My friend loves the world, especially its sacred places, and considers New Orleans a home of her heart. We were late to the airport that morning due to our pouring over family pictures, after a night of champagne and scotch (to give our trip the proper start, of course).

The beauties of the world are in her home too: a harlequin mask beside the candelabra, palm sized multicolored glass fishes swimming on the windowsill. The walls are covered in tribal art, feathers, butterflies and scarab beetles. Religious figurines, rare stones and ritual objects of all kinds fill the shelves. It’s Spring, and all of her brilliant orchids are blooming.

My virgin trip to the Big Easy! If only I didn’t feel so un-easy about flying. We meditate on board and put golden light around all the shiny, important parts of the airplane’s engines, flight instruments, and of course the pilot and co-pilot’s minds.

That evening, I walk down Bourbon Street and make a quantum shift. After a lifetime fear of flying objects (the fate of a four-eyed girl who preferred the library to team sports) I reach out into the air and grab a silver necklace of Mardi Gras beads, falling from a balcony into my open hand. Naturally, I wear it to the opening night reception of Tennessee’s festival, which consists of a cocktail competition and a screening of A Streetcar Named Desire. (I also wore my wife-beater white undershirt in honor of Stanley.)

Three powerful cocktails vied for the award, prepared by local mixologists and titled “Big Daddy’s Stella” (a ghastly mixture of bourbon and fruit something or other) followed by “Pink Honey” in lovely pepto-bismol pink (flavored with half & half and some mysterious horrid liqueur) and finally a tequila number called “19th Hole.”

Naturally the evening became a blur, and I think the winning drink was “Pink Honey” nicknamed “Shirley Temple’s Underwear” by someone in the crowd. For the duration of the Festival you could go to the Chateau Bourbon hotel and shout “Stella-a-a” just like Stanley and imbibe two Pink Honeys for the price of one. I’m so there.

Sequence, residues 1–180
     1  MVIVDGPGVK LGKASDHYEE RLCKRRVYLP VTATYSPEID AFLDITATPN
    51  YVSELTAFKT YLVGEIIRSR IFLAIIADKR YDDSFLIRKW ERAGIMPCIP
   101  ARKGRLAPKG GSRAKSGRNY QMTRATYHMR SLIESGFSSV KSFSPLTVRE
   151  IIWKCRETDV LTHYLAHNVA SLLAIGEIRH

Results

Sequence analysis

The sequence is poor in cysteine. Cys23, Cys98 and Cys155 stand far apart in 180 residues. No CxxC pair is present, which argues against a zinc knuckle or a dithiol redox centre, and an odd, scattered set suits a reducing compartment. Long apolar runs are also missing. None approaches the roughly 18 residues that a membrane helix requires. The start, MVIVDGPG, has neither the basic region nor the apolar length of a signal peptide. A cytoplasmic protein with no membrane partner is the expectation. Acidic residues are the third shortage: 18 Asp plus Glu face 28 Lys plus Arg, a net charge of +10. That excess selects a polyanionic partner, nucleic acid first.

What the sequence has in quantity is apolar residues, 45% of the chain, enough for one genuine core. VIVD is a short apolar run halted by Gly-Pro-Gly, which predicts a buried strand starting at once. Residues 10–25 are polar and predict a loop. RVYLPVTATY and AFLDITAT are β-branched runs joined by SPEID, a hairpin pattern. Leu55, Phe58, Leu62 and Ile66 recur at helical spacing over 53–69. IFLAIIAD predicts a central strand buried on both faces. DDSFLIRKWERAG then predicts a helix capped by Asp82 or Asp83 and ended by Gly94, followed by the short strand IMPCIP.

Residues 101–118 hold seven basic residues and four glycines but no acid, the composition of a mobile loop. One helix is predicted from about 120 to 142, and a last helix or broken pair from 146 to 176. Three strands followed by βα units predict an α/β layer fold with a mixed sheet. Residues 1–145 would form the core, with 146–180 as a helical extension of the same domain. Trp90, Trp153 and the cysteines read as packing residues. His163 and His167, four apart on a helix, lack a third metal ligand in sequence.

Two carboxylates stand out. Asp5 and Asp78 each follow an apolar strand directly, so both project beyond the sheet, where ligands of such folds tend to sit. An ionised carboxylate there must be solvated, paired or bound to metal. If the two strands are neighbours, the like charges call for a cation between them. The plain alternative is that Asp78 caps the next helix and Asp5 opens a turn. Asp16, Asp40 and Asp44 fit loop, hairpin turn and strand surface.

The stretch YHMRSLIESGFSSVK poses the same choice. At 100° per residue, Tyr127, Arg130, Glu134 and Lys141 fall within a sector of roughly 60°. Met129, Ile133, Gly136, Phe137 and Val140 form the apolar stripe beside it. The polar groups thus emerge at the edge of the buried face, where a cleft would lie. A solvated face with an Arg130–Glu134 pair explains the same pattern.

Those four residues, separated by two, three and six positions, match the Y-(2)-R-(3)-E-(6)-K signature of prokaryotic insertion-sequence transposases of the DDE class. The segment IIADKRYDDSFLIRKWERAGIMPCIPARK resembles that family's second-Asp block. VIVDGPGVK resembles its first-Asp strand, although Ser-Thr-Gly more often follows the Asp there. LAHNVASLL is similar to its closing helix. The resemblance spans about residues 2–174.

The following morning we went to a scholarly discussion on Williams’ coming out on the David Frost show in 1970. Frost quizzed him about writing from both male and female perspectives, and Williams replied that we all have both sexes inside us.

Frost pressed this point and Williams replied (he was not particularly sober during this interview, said one scholar dryly) that, “Let’s just say I’ve worked the waterfront.” While out already to those in his world, that statement apparently made the rest of America go A-hah! More evidence that words can and do change the world.

A long discussion of Queer Theory, the Stonewall riots, etc. followed. One surprising idea to me was the concept that Blanche (from Streetcar) was metaphorically speaking, a drag-queen. Not so, say the experts. This idea irritated Williams, who depicted the many variations of both genders with such subtle grace. I found myself thinking of Georgia O’Keefe’s reactions to the hints (people only dared to hint this to her) that her enormous flowers were really womanly sexual parts. Georgia didn’t think so, and she should know! Art and how we interpret it, endlessly entrancing subject matter.

Which leads me to another highlight of the Festival: meeting San Francisco writer, entrepreneur and hands-on philanthropist (826 Valencia Project) Dave Eggers. Author of Zeitun, a Heartbreaking Work of Staggering Genius, the Where the Wild Things Are screenplay and more. Wonderfully personable, he extolled the virtues of writing on a computer sans Internet (where “distracting cat porn is just a click away”) and encouraged all of us to write our stories, whether cathartic, poetic or socially significant.